Some people spend five to ten thousand dollars on functional medical tests trying to figure out what is wrong with them before they find out they have EBV.

Then there are traditional medical practices that use traditional testing only, and important things are sometimes missed as a result. I always find that people who heal best from their health challenges are those who advocate best for themselves, ask questions, and request what they need. Knowing the details I will share about tests that are often missed can literally change the trajectory of your healing journey.



What is tested: TSH, T3, T4. What is not typically tested and should be:

1. Reverse T3 (RT3): RT3 is seldom tested. Also, while the traditional range or “normal” is around 10-25, functionally, you want to keep it within 15 and not higher. If higher, it may indicate high stress, nfections, starvation, liver disease, inflammation, nutritional deficiencies and the list goes on. This RT3 will dock to the thyroid receptors on the cell BUT, unlike T3, it will NOT get inside the cell to perform the needed functions. It will just sit there. But it will block T3 from entering. This is possibly a way for the body to downregulate the spending of T3 if there is overdrive. Sleep support, stress support, slowing down, healing the infections… these all need to be looked at.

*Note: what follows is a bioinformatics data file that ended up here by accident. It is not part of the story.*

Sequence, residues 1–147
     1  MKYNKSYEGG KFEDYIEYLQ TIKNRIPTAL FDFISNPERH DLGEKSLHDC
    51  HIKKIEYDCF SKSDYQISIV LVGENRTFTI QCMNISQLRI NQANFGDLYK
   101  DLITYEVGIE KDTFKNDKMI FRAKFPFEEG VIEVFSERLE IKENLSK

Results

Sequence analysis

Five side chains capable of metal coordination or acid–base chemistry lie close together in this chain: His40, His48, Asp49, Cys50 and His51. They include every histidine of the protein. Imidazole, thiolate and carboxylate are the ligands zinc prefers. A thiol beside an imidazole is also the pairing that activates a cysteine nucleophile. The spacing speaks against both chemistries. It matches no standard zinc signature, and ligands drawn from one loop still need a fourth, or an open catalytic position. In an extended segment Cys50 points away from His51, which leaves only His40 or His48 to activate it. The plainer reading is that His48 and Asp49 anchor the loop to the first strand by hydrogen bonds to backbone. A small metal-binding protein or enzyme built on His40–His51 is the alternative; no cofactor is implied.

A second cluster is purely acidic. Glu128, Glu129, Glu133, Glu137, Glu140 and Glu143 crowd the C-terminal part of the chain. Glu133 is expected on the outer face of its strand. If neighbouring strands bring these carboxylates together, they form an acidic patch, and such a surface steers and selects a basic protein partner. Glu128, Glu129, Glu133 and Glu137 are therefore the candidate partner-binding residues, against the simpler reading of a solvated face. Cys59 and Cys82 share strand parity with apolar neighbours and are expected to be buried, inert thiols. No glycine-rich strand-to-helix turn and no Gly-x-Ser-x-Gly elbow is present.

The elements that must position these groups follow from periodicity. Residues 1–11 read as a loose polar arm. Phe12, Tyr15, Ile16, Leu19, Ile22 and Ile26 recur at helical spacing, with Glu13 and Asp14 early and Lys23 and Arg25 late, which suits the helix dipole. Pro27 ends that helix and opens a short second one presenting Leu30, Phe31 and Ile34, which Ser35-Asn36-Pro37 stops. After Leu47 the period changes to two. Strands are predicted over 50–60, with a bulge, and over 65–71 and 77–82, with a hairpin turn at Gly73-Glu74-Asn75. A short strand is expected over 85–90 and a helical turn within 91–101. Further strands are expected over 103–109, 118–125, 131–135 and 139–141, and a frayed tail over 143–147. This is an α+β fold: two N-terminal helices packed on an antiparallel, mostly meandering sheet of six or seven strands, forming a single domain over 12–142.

2. TPO antibody

3. Thyroglobulin antibody

Both #2 and #3 are very important. Here is why. We have an epidemic of low or subclinically low thyroid function in women (for various reasons). But some medical literature suggests that up to 90% and even more cases of low thyroid may in fact be Hashimoto’s Thyroiditis (HT) instead. HT is not low functioning or tired thyroid. It is thyroid that is attacked by your immune cells. It is an autoimmune condition.

Thyroid can trickle into autoimmunity for many reasons, including, gluten, selenium deficiency, or pathogens such as Yersenia, H. pylori, and EBV. Most people will only have one or the other of the two antibodies elevated, and that is enough to confirm HT.

Some of my colleagues who specialize in thyroid disorders in clinical practice have told me that these two antibodies should really be zero, one, or two, and not more, even if the number is within range. Whenever you retest your thyroid, ALWAYS insist on also testing RT3, TPO and thyroglobulin antibodies.

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What is traditionally tested: Iron (Fe), Ferritin.

What you should request:

Most doctors only test iron or iron and ferritin. But in order to truly understand your iron status, you need a panel of five.

1. Iron (Fe) is only the snapshot of today’s iron level in your bloodstream. What did you eat today? Did you absorb that iron from your meals or did you not have much iron in your diet today?